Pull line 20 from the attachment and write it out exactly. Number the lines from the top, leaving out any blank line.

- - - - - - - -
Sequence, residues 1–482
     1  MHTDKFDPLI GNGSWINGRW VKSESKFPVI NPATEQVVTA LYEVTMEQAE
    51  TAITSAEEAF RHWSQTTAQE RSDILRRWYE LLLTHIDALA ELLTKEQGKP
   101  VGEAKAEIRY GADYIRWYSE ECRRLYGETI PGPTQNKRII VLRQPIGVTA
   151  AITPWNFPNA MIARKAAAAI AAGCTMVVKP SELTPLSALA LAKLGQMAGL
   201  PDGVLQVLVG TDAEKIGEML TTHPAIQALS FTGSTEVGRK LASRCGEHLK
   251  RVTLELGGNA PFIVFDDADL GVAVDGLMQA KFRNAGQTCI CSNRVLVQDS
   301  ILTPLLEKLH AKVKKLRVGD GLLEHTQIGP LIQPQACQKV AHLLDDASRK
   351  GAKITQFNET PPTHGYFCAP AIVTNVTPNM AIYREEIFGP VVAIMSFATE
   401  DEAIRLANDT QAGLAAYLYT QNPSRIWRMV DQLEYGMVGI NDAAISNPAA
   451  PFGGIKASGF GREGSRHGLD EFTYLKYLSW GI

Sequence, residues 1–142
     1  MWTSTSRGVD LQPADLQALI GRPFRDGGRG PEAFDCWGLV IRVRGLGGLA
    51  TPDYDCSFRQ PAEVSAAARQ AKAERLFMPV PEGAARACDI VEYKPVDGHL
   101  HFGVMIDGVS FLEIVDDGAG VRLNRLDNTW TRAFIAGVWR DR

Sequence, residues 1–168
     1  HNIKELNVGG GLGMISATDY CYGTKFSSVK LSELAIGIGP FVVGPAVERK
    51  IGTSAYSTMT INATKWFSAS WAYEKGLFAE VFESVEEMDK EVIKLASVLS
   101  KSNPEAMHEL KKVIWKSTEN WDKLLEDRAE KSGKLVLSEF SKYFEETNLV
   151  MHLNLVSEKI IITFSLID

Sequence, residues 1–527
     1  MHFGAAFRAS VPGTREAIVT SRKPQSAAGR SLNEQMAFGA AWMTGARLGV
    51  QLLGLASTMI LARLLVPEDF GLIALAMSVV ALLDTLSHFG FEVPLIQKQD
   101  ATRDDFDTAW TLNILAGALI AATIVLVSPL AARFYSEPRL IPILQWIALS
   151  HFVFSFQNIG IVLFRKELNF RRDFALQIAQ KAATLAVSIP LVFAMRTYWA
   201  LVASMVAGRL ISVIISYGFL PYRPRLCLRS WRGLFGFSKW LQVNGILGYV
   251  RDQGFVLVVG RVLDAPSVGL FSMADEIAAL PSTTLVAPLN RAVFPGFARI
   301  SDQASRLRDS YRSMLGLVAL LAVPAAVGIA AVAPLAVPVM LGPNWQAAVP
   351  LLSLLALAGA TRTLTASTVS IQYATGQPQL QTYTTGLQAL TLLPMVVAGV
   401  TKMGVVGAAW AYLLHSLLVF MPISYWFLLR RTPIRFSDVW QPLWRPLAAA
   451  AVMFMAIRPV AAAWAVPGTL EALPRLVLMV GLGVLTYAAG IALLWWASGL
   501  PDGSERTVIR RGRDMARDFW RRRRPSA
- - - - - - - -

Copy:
   151  MHLNLVSEKI IITFSLID